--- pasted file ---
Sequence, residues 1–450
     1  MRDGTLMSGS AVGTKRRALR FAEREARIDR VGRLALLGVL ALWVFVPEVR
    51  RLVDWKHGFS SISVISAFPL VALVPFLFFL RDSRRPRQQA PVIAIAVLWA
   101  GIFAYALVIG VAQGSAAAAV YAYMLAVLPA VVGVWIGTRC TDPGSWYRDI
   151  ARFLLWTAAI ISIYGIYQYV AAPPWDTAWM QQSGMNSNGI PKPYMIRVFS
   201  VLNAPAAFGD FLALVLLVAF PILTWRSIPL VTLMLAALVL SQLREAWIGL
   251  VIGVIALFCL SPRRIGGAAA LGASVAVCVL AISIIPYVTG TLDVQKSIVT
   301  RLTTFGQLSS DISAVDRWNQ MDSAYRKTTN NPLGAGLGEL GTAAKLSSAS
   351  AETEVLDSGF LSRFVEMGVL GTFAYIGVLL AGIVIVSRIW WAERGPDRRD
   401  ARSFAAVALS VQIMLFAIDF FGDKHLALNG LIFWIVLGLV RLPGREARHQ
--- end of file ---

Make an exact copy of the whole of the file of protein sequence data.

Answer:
Sequence, residues 1–450
     1  MRDGTLMSGS AVGTKRRALR FAEREARIDR VGRLALLGVL ALWVFVPEVR
    51  RLVDWKHGFS SISVISAFPL VALVPFLFFL RDSRRPRQQA PVIAIAVLWA
   101  GIFAYALVIG VAQGSAAAAV YAYMLAVLPA VVGVWIGTRC TDPGSWYRDI
   151  ARFLLWTAAI ISIYGIYQYV AAPPWDTAWM QQSGMNSNGI PKPYMIRVFS
   201  VLNAPAAFGD FLALVLLVAF PILTWRSIPL VTLMLAALVL SQLREAWIGL
   251  VIGVIALFCL SPRRIGGAAA LGASVAVCVL AISIIPYVTG TLDVQKSIVT
   301  RLTTFGQLSS DISAVDRWNQ MDSAYRKTTN NPLGAGLGEL GTAAKLSSAS
   351  AETEVLDSGF LSRFVEMGVL GTFAYIGVLL AGIVIVSRIW WAERGPDRRD
   401  ARSFAAVALS VQIMLFAIDF FGDKHLALNG LIFWIVLGLV RLPGREARHQ